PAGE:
British singer-songwriter Bobby Long is adding ‘author’ to his list of descriptive hyphenates with the publication of his first collection of poetry entitled LOSING MY BROTHERHOOD. The book is published by SGO Music Publishing and will be available via amazon and other publishing retailers.
Long began compiling the volume last year while touring in support of his debut album, A WINTER TALE. “I was on the road for four months straight, basically in the back of a van, and I got sick of playing with my phone and playing with my laptop, and I decided to go for it fully,” he says. “I would write every morning, and then go for coffee for a break, and I took a really disciplined stance to it. When I got home, sometimes I wouldn’t leave my apartment all day and just write. The discipline aspect allowed me to separate the poems from my music.”
The provocative collection delves into various universal themes, among them love, desire and disappointment with a healthy dose of memory and reflection. The title stems from Long’s realization of what he left behind when he abruptly moved from London to New York to pursue his music career in 2010. “I left my family and my friends, and I just went and didn’t really say good-bye to anyone,” he recalls. “‘Losing My Brotherhood’ refers to a specific group of three close friends who I lived with in London for four years and shared everything with, and who I don’t get a chance to see anymore. We were like brothers, but I know that time is now over. It’s a tribute, really.”
One of those three friends is artist and musician Ben Edge, who contributed the 15 bold pen and ink drawings that illustrate the book. “We always wanted to work on something together,” says Long, “and this was the perfect opportunity. I sent him the poems, and he drew the illustrations free hand.”
Born near Manchester in Wigan (of George Orwell fame), Bobby Long grew up in a small town in Wiltshire, a setting for another of Britain’s revered writers, Thomas Hardy. Although he has been writing poetry and prose since the age of 12, becoming a writer was not pre-ordained. A poor student who struggled at school, he felt like an outsider until an astute teacher recognized his learning deficits and helped him to discover the joy of reading. “I never kept a journal or a diary, just lines on little slips of paper, words on a page,” he explains. “I never told anyone at school that I wrote, or I would have been beaten up. At the start, it was more of an expressive thing. I was a dreamer, and I would get lost in my own imagination. Now, I try to write something every day.”
A number of the poems in LOSING MY BROTHERHOOD
deal with memories of childhood and growing up in rural England. “I wrote most of those poems while I was on tour in Australia at Byron Bay,” Long recalls. “I was there on a beautiful day and didn’t want to go swimming alone-I actually didn’t like being on my own there at all. Sometimes it’s hard to get away from your surroundings, but I wrote five different poems that day. I went far deeper in the poems than I do in my songs. I often write from the passenger seat as an observer. The poems are far more personal, with no guitar to hide behind.”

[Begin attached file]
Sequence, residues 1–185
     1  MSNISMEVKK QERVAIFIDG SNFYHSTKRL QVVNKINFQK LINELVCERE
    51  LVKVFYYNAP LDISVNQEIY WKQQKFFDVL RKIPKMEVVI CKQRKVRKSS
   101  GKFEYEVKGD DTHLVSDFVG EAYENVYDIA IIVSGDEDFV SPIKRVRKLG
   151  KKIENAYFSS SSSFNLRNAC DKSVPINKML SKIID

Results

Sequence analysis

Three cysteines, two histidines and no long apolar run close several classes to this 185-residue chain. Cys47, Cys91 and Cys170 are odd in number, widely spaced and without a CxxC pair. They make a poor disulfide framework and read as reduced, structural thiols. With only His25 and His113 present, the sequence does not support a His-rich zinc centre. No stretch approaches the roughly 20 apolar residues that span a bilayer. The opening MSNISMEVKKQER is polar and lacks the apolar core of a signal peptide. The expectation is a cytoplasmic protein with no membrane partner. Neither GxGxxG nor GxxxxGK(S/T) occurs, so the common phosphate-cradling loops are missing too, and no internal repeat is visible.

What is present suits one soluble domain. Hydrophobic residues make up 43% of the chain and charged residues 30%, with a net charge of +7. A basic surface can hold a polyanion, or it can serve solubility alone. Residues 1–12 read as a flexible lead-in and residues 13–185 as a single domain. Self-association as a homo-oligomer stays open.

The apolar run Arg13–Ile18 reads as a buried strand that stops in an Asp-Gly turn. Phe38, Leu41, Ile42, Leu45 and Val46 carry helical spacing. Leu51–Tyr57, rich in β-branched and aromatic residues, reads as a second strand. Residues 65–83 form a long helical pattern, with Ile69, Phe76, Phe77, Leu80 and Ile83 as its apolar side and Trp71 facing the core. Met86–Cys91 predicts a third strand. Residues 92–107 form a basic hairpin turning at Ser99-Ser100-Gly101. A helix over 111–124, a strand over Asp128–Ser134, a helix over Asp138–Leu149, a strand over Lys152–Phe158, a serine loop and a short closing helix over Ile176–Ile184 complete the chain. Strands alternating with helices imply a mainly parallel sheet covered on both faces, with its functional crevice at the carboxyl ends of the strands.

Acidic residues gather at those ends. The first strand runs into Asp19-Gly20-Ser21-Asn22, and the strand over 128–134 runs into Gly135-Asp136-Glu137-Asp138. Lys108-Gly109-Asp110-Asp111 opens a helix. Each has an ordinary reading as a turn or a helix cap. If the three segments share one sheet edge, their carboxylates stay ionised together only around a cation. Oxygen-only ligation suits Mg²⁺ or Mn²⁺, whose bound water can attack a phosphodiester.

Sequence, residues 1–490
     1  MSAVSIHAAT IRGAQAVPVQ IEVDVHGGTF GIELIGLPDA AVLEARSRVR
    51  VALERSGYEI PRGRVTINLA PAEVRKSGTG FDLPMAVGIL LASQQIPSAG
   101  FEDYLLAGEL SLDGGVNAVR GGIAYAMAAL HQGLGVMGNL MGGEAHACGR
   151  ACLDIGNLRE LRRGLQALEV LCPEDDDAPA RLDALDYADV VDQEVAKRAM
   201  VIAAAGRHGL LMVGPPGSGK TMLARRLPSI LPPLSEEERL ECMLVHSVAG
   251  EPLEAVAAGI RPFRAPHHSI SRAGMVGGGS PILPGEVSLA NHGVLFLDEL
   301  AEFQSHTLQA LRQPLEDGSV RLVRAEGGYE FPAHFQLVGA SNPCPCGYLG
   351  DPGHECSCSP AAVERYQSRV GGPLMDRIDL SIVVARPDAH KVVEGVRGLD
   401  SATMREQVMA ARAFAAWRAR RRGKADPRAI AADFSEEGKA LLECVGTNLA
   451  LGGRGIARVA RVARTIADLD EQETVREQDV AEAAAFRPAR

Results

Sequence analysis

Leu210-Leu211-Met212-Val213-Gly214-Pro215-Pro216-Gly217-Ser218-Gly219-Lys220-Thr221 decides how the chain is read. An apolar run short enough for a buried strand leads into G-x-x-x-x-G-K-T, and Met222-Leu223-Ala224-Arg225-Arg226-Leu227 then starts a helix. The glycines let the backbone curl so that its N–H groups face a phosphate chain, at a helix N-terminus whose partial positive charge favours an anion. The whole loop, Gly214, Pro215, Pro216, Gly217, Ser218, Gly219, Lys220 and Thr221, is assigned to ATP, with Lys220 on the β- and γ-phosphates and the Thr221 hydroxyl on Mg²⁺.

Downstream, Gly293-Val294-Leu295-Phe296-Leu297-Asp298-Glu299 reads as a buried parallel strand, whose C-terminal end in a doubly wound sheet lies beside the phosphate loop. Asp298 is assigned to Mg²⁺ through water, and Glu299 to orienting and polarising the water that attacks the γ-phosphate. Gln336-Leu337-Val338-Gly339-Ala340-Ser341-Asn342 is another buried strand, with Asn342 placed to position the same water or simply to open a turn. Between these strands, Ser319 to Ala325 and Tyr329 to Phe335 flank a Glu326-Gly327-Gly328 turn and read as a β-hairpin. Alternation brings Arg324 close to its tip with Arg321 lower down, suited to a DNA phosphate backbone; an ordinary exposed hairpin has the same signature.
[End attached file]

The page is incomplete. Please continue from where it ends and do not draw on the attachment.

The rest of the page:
At 18, Long moved to London to attend university, graduating with a degree in sound and media for film. He quickly established himself as a musician on the local open mic circuit, finding his voice and creating songs characterized by catchy melodies paired with elusive, imaginative lyrics. There he met a circle of fellow musicians, among them the brotherhood of the book’s title.
In 2009, after amassing a loyal fan base for his music, America beckoned, and following nearly a year of touring, Bobby relocated to New York City, which became a new muse for his writing. “I feel more at home in New York than I have anywhere else,” says the 26-year-old, who incorporates the city’s sights, streets, sounds and smells into several of his poems. “I have a comfortable life where I can express myself on a full time basis and make a living at it. It’s very different from my life in England.”
The cover of LOSING MY BROTHERHOOD (designed by Tim McCarthy) features a photograph entitled Four Mennonite Farmers by New York-based photographer William Waldron (williamwaldron.com). Says Long: “It’s four farmers, each with different hats on, all looking in different directions. I thought that it depicted me and my three friends, and it felt like it was vast and never-ending. I contacted the photographer’s manager to ask if I could use it.”
Long’s deft songwriting skills have amassed critical acclaim, the Los Angeles Times, for example, stating “his tunes are sturdy, but graceful, like the curve of something hand-carved.” “Raw,” “organic,” “earnest,” “romantic” and “poignant” are among the adjectives used to describe his songs, many of which can also be applied to his poetry.
Long’s own tastes in poetry range widely from Pablo Neruda and Dylan Thomas to Féderico García Lorca and Leonard Cohen. The book includes a poem dedicated to Mr. Cohen, who began his own career writing poetry before turning to songwriting and performing. While LOSING MY BROTHERHOOD is Long’s newest project, he isn’t planning to incorporate poetry into his musical performances. “They are two separate things,” he says. “The book is a very personal thing.”
Bobby Long has just completed the recording of his second album of original material, produced in Los Angeles by Ted Hutt (Flogging Molly, Gaslight Anthem, Old Crow Medicine Show). It is slated for release by ATO Records in the fall. Long is currently on tour opening for Steve Winwood and will announce summer concert plans shortly as well as fall tour dates in support of his forthcoming album.